What Is a Waiver of Spousal Rights Statute?

When a married person passes away, their surviving spouse has certain rights regarding the deceased spouse’s estate. Under Florida’s waiver of spousal rights statute, surviving spouses may waive some or all of these rights. 

What is Florida Probate Code Section 732.702?

Section 732.702 is Florida’s waiver of spousal rights statute, and it details the requirements for a waiver of spousal rights and the spousal rights that can be waived.

A surviving spouse may waive the following rights, wholly or partly, before or after marriage: 

  • Elective Share — The surviving spouse of a person who dies domiciled in Florida has the right to receive an “elective share,” which is 30% of the “elective estate.” In most cases, the “elective estate” will include most of a deceased person’s assets, including some assets that are not subject to probate. 
  • Intestate Share — The surviving spouse of a person who dies without a will is entitled to their “intestate share” of the decedent’s estate. The percentage of the spouse’s “intestate share” varies depending on the circumstances. 
  • Pretermitted Share — When a person marries after making a will and their spouse survives them, the surviving spouse may be entitled to receive a “pretermitted share” of the estate in an amount equal to an “intestate share.” The surviving spouse is not entitled to the “pretermitted share” if : they have waived the right; they have been provided for in the will or in a prenuptial or postnuptial agreement; or the will discloses an intention not to provide for the spouse.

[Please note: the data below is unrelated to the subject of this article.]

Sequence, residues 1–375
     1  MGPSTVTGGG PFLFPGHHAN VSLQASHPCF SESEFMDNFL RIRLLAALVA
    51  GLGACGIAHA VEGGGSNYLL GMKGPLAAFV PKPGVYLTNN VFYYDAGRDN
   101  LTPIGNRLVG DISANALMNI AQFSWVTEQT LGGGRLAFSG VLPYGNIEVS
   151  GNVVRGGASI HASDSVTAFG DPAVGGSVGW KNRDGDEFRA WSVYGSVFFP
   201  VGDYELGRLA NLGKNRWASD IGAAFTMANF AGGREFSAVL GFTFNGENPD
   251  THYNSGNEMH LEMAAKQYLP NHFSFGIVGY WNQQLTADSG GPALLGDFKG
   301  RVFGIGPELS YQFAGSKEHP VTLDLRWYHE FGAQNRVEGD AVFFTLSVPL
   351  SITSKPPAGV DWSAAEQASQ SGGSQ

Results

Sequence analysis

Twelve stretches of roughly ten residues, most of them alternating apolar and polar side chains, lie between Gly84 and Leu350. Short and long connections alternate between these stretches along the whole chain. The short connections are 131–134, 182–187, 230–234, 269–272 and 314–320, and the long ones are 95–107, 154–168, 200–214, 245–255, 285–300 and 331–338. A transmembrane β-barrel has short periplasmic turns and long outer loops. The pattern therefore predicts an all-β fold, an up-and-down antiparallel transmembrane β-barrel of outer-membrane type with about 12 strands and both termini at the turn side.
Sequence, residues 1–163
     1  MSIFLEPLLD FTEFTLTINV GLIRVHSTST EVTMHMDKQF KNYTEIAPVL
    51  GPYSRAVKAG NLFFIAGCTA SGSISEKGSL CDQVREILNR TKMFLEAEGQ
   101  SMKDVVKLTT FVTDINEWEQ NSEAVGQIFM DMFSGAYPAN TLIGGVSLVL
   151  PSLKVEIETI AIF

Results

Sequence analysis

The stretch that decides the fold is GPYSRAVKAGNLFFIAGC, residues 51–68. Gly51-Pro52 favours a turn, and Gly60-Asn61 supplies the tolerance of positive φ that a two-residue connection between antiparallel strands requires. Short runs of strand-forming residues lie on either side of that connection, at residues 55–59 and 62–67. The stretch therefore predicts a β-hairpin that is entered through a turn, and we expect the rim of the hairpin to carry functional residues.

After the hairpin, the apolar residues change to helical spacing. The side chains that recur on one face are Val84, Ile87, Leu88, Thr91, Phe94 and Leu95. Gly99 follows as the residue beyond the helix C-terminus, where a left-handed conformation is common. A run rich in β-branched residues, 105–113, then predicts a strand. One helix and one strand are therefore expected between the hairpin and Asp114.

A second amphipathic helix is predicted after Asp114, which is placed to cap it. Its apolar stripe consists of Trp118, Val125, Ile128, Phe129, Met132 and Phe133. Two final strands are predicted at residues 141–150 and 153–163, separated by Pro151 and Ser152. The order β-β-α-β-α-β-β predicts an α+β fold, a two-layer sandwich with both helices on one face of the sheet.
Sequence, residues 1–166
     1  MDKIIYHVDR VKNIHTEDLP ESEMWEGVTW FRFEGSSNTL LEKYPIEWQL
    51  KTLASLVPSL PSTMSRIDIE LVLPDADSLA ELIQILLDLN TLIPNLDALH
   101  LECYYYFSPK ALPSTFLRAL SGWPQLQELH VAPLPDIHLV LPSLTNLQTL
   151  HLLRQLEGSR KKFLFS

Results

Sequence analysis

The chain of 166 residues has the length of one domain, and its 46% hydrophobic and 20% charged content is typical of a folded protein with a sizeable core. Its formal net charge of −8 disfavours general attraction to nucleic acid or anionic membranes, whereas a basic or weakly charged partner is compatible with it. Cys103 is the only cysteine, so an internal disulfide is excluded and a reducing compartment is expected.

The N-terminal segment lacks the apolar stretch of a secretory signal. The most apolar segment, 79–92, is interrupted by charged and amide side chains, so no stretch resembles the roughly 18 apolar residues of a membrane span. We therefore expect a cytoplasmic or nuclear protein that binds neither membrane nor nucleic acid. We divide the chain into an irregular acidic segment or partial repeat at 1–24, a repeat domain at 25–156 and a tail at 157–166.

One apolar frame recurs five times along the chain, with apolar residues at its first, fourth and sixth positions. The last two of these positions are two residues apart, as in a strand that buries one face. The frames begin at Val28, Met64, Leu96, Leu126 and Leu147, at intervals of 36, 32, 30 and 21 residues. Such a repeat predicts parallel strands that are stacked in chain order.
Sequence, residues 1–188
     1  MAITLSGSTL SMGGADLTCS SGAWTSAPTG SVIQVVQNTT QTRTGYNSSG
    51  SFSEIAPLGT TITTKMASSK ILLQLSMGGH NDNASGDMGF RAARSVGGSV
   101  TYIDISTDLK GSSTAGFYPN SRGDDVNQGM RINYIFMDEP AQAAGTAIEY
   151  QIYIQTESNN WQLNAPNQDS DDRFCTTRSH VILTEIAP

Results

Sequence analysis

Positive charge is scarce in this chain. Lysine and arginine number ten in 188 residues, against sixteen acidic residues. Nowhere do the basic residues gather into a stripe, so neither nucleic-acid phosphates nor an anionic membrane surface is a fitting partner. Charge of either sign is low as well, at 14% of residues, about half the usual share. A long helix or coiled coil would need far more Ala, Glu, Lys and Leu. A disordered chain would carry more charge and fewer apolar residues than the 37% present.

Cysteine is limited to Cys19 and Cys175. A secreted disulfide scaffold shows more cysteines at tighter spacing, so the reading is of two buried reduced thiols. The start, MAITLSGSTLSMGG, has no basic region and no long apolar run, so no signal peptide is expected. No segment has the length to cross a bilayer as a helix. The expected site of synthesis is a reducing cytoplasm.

• Homestead Rights Florida law prohibits a married person from devising or gifting  their homestead property if they are survived by their spouse or a minor child. However, if someone is survived by their spouse and has no minor children, they can leave their homestead to their spouse.
  • Family Allowance — The surviving spouse and lineal heirs of a deceased Florida resident are entitled to receive a reasonable allowance from the estate for their maintenance while the estate is being administered, if the decedent (while alive) was supporting them or was obligated to support them. The maximum allowance amount is $18,000.
  • Preference in Appointment in Intestate Estate  — If you die without a will, your spouse has preference in appointment as the personal representative of your estate, which means they are the first choice for this position, if qualified.

Section 732.702 requires that any waiver of these rights is done by written contract, agreement, or waiver, signed by the waiving party in the presence of two subscribing witnesses. Florida law also recognizes contracts, agreements, and waivers executed by nonresidents of Florida that are valid under the laws of the state or country where it was executed.

If the agreement, contract, or waiver is executed after marriage, each spouse is required to make a “fair disclosure” to the other of their estate. However, if the agreement, contract, or waiver is executed before the marriage begins, no such disclosure is required.

Can you contest a waiver of spousal rights?

Yes, a spouse can contest a legally deficient, fraudulent, or otherwise invalid waiver of spousal rights.